Its unlikely that AMD is going to be able to make serious inroads in the near future. nVidia has built quite a lead not just in terms of chips but tooling. I had thought a couple of years ago that AMD should be building a competitor to the Tesla. It should be able to build a more hybrid solution than nVidia can given its in house CPU development talent. But I haven't seen them building anything like that and a competitor to nVidia may have to come from somewhere else. In the absence of a serious competitor OpenCL is not very interesting.

Yeah, and that's sad. I really hate to see this whole monoculture thing, especially since CUDA isn't OSS. :-(

Its really a hardware problem.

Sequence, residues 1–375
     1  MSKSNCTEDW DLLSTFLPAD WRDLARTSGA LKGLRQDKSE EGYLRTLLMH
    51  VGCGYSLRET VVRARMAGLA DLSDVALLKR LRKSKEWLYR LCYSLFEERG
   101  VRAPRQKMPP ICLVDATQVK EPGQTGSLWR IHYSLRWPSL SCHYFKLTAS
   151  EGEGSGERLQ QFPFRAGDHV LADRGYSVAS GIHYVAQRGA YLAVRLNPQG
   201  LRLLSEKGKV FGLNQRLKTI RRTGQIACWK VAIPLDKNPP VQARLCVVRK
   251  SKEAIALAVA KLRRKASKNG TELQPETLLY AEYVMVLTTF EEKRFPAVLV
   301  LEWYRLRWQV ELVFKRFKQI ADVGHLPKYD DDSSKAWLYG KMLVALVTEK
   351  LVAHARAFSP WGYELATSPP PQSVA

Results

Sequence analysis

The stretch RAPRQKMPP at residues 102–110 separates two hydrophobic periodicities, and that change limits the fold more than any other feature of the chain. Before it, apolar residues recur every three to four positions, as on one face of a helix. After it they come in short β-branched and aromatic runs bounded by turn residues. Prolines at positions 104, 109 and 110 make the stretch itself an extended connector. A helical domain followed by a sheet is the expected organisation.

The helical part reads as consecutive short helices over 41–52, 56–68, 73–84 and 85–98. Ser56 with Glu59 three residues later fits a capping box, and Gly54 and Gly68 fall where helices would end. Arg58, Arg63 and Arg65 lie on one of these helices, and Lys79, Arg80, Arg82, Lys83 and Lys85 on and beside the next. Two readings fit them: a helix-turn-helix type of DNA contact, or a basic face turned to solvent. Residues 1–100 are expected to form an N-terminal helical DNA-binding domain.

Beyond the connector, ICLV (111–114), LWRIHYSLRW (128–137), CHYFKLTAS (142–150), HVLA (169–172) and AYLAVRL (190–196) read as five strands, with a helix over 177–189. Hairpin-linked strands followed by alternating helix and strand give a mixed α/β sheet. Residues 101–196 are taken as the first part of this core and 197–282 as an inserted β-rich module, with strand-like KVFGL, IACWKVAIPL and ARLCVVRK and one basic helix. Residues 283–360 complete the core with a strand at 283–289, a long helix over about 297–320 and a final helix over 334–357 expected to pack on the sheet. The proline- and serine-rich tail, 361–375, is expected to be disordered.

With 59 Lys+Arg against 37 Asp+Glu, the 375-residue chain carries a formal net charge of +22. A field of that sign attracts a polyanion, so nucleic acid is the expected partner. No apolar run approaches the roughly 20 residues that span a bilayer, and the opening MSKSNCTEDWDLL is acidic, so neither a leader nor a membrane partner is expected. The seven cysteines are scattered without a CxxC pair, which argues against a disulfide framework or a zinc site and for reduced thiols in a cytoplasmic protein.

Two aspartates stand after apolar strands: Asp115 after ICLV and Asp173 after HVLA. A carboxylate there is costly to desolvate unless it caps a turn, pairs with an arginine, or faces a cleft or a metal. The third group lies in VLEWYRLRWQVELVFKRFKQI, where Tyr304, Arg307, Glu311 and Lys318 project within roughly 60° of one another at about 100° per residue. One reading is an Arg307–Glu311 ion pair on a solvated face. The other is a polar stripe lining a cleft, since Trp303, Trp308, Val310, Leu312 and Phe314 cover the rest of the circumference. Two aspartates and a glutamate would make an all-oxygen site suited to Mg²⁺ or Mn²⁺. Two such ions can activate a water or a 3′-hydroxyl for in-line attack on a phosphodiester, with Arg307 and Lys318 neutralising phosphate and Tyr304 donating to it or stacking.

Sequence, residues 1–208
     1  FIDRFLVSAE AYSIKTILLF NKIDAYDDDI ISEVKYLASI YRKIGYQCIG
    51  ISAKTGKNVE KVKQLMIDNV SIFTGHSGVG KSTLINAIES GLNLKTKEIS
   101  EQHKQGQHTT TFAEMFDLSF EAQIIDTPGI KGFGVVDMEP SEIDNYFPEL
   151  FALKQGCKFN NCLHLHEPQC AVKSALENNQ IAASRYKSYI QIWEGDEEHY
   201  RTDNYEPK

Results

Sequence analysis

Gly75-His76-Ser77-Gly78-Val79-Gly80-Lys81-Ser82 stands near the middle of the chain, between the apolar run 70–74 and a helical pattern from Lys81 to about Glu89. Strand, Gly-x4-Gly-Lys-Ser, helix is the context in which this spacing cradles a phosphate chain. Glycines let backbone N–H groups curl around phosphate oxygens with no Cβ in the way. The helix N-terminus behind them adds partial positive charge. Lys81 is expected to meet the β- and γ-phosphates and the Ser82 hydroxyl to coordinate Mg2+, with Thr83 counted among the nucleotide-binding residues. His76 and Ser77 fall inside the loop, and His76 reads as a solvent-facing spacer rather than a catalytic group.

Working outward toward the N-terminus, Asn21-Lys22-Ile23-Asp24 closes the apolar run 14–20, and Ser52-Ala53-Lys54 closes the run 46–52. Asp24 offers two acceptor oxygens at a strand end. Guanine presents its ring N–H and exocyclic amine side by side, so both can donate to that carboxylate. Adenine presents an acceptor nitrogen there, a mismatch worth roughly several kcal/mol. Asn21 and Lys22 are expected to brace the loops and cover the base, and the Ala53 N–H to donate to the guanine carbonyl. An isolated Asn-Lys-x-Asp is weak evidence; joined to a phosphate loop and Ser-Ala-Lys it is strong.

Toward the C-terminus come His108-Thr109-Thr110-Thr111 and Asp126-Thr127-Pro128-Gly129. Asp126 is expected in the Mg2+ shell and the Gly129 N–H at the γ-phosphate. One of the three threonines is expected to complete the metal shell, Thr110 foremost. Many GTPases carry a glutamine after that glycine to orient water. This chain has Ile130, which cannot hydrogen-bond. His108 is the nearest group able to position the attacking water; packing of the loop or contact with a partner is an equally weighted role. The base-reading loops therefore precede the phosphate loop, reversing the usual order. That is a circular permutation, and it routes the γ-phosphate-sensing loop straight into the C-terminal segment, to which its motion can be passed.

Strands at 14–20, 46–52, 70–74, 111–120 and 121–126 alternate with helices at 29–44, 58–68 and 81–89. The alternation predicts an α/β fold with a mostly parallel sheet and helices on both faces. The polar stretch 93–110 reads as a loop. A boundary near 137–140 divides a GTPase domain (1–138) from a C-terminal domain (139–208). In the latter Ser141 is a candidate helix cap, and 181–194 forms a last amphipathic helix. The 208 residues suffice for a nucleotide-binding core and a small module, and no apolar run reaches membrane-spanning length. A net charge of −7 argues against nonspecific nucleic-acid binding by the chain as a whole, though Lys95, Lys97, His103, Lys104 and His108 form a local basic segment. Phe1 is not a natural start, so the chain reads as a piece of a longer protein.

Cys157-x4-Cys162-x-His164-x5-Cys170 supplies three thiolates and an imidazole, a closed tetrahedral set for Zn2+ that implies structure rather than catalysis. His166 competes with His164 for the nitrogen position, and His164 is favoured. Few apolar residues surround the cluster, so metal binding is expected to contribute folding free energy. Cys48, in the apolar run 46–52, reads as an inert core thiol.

Why not focus on adding GPLed code to an existing package with a GPL-friendly license?

FSF want to be copyright holder for all of it projects code so it's possible to relicense codebase under newer version of GPL. For same reason everyone contribute to their projects must sign CLA.

I think the idea is to use awareness of GNU and also to focus the attention of people with the skill to contribute on neural-networks.

What I mean is, you're right of course, there's much better neural-network free software already available, but GNU endorsing an official package 1) could get people whose concerns are more strongly geared toward free software ethics to start paying attention to neural networks, and 2) get people, regardless of their ideological commitment to anything, to be more aware both of the ethical issues and of neural-network software--just in virtue of GNU's mild fame.